In line with previous studies, the researchers also showed that adding cinnamon to dairy products led to reduced microorganism contamination, since this substance helps to eliminate microorganisms such as Escherichia coli, Listeria monocytogenes and bacteria from the Salmonella family.
Isabel Sospedra, Josep V. Rubert, Carla Soler, Jose M. Soriano, Jordi Mañes. "Microbial Contamination of Milk and Dairy Products from Restaurants in Spain". Foodborne Pathogens and Disease 6(10): 1269-1272, diciembre de 2009.
SINC | EurekAlert!
Rutgers-led innovation could spur faster, cheaper, nano-based manufacturing
14.02.2018 | Rutgers University
New study from the University of Halle: How climate change alters plant growth
12.01.2018 | Martin-Luther-Universität Halle-Wittenberg
A newly developed laser technology has enabled physicists in the Laboratory for Attosecond Physics (jointly run by LMU Munich and the Max Planck Institute of Quantum Optics) to generate attosecond bursts of high-energy photons of unprecedented intensity. This has made it possible to observe the interaction of multiple photons in a single such pulse with electrons in the inner orbital shell of an atom.
In order to observe the ultrafast electron motion in the inner shells of atoms with short light pulses, the pulses must not only be ultrashort, but very...
A group of researchers led by Andrea Cavalleri at the Max Planck Institute for Structure and Dynamics of Matter (MPSD) in Hamburg has demonstrated a new method enabling precise measurements of the interatomic forces that hold crystalline solids together. The paper Probing the Interatomic Potential of Solids by Strong-Field Nonlinear Phononics, published online in Nature, explains how a terahertz-frequency laser pulse can drive very large deformations of the crystal.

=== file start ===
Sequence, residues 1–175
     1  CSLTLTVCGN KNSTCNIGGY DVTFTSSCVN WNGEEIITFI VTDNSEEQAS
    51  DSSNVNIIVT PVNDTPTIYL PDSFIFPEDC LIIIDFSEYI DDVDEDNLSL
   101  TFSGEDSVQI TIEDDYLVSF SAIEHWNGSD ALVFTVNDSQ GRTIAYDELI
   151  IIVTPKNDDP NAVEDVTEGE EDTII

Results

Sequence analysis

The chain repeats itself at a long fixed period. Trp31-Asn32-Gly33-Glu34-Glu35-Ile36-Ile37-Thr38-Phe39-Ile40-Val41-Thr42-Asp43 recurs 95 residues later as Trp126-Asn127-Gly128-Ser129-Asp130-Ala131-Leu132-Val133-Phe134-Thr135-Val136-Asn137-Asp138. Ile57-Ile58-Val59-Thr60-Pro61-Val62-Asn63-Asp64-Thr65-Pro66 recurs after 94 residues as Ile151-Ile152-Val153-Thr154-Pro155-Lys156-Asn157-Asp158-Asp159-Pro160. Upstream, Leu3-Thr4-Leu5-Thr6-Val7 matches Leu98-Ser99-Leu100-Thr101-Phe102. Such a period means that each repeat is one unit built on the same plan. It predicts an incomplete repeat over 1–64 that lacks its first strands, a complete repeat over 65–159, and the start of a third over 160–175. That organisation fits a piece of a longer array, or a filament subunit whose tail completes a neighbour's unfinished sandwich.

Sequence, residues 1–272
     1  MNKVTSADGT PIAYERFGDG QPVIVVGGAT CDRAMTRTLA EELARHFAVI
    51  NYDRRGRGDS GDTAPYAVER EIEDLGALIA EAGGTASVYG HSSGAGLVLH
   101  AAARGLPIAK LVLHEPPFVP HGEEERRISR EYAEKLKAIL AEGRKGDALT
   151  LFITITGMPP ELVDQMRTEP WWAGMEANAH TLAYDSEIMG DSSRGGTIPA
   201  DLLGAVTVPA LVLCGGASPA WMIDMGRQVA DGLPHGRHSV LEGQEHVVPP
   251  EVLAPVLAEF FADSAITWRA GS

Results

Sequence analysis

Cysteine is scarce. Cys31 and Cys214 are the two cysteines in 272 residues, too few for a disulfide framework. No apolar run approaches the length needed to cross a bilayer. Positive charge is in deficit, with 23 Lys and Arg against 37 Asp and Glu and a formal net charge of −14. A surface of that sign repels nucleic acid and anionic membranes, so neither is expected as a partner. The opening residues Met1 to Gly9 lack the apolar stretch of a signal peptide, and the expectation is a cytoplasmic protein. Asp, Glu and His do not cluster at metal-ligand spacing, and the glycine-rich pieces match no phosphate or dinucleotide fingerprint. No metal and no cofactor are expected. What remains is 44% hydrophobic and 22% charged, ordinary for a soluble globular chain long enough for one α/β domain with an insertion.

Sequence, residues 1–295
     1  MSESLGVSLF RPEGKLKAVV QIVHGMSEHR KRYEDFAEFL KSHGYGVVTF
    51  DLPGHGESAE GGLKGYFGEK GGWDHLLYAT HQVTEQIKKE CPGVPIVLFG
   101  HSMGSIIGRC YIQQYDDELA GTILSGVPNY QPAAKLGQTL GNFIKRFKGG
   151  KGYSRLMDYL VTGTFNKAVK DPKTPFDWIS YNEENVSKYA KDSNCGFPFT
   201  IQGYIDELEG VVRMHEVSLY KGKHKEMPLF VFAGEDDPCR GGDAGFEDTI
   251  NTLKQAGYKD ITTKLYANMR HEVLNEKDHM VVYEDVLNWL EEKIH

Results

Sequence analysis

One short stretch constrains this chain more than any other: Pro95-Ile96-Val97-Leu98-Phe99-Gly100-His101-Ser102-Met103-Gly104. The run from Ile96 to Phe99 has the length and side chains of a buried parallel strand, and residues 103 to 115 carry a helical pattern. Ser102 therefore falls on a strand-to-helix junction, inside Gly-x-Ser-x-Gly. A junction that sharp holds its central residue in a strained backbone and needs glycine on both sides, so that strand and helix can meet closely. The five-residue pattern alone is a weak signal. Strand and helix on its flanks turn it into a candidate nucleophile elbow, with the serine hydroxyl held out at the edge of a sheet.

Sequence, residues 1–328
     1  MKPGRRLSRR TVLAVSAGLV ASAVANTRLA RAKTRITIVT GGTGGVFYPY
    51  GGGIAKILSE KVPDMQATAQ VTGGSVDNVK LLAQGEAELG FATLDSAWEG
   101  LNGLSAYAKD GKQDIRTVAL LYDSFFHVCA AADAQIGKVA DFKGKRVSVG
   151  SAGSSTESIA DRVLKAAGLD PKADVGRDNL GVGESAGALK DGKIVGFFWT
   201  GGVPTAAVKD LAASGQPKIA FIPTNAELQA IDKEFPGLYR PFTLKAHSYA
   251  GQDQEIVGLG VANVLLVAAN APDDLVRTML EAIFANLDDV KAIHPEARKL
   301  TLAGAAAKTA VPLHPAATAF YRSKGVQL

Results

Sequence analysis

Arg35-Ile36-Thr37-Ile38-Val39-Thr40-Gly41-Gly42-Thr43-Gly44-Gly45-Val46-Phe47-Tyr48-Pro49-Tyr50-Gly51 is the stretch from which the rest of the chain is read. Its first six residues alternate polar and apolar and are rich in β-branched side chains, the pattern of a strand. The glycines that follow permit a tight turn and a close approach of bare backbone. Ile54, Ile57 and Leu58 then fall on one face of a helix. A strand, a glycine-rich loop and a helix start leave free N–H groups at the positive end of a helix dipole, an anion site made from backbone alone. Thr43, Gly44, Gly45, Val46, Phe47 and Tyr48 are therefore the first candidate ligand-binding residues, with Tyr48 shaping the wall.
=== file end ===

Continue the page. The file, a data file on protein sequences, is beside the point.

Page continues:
By measuring the highly unusual atomic trajectories under extreme electromagnetic transients, the MPSD group could reconstruct how rigid the atomic bonds are...
Quantum computers may one day solve algorithmic problems which even the biggest supercomputers today can’t manage. But how do you test a quantum computer to...
For the first time, a team of researchers at the Max-Planck Institute (MPI) for Polymer Research in Mainz, Germany, has succeeded in making an integrated circuit (IC) from just a monolayer of a semiconducting polymer via a bottom-up, self-assembly approach.
In the self-assembly process, the semiconducting polymer arranges itself into an ordered monolayer in a transistor. The transistors are binary switches used...
Breakthrough provides a new concept of the design of molecular motors, sensors and electricity generators at nanoscale
Researchers from the Institute of Organic Chemistry and Biochemistry of the CAS (IOCB Prague), Institute of Physics of the CAS (IP CAS) and Palacký University...
15.02.2018 | Event News
13.02.2018 | Event News
12.02.2018 | Event News
23.02.2018 | Physics and Astronomy
23.02.2018 | Health and Medicine
23.02.2018 | Physics and Astronomy